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Shawn Samad, DDS
Dental Implants: A Lifesaver For Tooth Loss and Oral Health

Dental Implants: A Lifesaver For Tooth Loss and Oral Health

<strong>Dental Implants: A Lifesaver For Tooth Loss and Oral Health</strong>

Losing a tooth can have more far-reaching consequences than just the gap in your smile. The specialized bony process that houses a tooth begins to reabsorb when a tooth is lost, leading to a decrease in bone width and height in the affected area. This can lead to several issues, including neighboring teeth shifting, food lodgment, decay, gum disease, and even abnormal forces on other teeth that can result in fractures, potentially necessitating root canal treatment or extraction. Furthermore, tooth loss can cause the cheeks and lips to sag, prematurely aging your appearance. However, the good news is that the consequences of tooth loss can be prevented with timely action.

When it comes to replacing lost teeth, dental implants are the number one choice. Dental implants are tiny titanium screws or posts that are surgically placed in the bone, acting like roots onto which small posts are attached, protruding through the gums to provide stable anchors for replacement teeth. These implants not only maintain bone height by stimulating it but also prevent the unnecessary trimming of adjacent teeth, which may be required for bridge placement. Since implants are made of titanium, there is no risk of decay. With regular professional cleaning and proper home care, implants can serve you for many years.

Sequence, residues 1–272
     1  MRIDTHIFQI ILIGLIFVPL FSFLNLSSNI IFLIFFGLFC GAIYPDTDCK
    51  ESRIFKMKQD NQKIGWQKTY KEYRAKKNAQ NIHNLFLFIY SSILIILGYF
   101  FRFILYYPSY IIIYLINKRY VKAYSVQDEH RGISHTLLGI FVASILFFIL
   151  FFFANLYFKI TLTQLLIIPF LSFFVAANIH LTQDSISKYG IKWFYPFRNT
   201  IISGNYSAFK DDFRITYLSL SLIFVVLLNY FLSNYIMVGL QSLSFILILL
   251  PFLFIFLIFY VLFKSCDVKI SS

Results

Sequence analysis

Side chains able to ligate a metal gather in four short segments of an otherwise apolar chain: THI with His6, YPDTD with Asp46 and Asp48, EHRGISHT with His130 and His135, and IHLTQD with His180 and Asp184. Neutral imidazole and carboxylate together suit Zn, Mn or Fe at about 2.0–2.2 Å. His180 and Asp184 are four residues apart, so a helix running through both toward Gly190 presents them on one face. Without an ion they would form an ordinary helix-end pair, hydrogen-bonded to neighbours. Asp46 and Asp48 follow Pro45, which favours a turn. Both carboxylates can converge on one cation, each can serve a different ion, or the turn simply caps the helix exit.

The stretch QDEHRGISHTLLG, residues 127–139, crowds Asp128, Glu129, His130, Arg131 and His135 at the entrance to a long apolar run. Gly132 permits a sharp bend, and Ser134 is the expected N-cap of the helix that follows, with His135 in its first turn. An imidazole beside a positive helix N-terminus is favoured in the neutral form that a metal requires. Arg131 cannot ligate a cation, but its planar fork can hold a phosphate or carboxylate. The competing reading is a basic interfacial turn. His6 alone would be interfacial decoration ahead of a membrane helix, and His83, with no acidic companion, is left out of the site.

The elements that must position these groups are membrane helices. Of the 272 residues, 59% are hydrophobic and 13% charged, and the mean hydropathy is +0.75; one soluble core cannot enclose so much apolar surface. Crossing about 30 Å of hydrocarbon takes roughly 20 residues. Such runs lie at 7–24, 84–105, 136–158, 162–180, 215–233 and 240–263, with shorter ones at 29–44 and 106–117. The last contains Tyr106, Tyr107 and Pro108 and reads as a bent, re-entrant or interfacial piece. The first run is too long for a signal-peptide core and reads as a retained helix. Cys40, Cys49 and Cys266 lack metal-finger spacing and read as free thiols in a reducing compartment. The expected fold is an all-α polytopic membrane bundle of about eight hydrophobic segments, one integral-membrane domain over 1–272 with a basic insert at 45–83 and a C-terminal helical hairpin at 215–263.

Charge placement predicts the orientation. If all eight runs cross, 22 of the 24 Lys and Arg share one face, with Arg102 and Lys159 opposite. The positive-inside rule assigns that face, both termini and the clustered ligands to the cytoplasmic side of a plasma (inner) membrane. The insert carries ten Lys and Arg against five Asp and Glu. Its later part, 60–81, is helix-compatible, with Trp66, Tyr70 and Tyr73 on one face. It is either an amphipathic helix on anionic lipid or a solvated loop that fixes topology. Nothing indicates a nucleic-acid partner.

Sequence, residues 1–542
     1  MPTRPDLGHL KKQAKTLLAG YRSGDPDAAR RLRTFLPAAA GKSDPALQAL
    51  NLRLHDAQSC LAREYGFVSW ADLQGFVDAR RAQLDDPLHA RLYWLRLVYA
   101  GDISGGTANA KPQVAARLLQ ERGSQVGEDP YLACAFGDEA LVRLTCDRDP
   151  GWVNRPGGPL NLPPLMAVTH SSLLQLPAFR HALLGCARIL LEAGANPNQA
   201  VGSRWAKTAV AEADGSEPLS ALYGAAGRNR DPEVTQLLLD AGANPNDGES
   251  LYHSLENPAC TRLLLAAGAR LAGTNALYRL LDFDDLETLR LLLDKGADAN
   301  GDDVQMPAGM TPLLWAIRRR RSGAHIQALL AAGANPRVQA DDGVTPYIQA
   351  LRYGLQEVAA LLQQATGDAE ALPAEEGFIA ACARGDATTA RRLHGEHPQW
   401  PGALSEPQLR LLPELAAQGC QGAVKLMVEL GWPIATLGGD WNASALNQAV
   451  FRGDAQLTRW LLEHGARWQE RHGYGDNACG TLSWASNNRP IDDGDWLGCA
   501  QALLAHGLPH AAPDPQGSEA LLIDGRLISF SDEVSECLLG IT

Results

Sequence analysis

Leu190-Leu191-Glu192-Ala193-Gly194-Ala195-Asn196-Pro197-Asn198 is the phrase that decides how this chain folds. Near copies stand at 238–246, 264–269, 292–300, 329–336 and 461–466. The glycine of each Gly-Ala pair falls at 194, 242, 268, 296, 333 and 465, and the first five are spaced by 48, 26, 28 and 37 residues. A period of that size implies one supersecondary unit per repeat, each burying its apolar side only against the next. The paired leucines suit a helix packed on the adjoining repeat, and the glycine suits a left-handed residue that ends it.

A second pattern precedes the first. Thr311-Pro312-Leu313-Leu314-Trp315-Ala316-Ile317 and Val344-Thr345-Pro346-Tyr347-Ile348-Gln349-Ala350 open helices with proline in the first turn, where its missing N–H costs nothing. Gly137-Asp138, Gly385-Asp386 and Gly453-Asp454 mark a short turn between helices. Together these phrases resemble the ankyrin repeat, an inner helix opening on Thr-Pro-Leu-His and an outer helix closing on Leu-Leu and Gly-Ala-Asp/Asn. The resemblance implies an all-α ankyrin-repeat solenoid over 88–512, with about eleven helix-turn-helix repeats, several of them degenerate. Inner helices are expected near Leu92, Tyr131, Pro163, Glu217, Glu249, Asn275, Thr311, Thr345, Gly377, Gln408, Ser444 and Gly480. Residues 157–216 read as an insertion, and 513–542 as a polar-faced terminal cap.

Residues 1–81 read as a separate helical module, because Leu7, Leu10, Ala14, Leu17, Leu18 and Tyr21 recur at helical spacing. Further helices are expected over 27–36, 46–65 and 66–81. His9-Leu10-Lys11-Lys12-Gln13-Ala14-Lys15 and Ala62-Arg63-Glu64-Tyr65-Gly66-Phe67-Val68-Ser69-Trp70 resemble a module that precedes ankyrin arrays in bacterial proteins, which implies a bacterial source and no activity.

Many people who lose a single tooth consider fixed bridges, but this solution may require the cutting down of healthy, adjacent teeth. Additionally, bridges may need replacement multiple times during a lifetime due to issues like decay or gum problems affecting anchor teeth.

Another option for replacing missing teeth is removable partial dentures or complete dentures, depending on the number of teeth missing. However, dentures significantly reduce chewing efficiency, and the teeth that support partial dentures can weaken due to excessive loads, eventually leading to their loss. Dentures can also lead to tissue abrasion and bone loss, causing discomfort and embarrassment due to slipping or clicking sounds while eating or speaking.

Research indicates a failure rate of up to 30% within five to seven years for teeth adjacent to fixed bridges or removable partial dentures.

Dental implants are a suitable option for most people, including those with existing medical conditions like high blood pressure and diabetes, as well as those with a history of gum disease or decay. Even smokers can consider implants, though they might experience a lower success rate. Bone loss, a common issue for individuals with missing teeth or a history of periodontal disease, can be addressed with bone grafting, making implant placement safe and permanent.

The implant placement process typically involves two surgical appointments. During the first appointment, the implant site is prepared, the implant is placed, and the gum tissue is sutured over it. The implant takes four to six months to fuse with the bone. In the second appointment, the implant is uncovered, and a post for the replacement tooth is attached. An impression is taken and sent to a lab to create the implant crown. A temporary crown is placed during this period, and once the final crown is ready, it is cemented with permanent cement.

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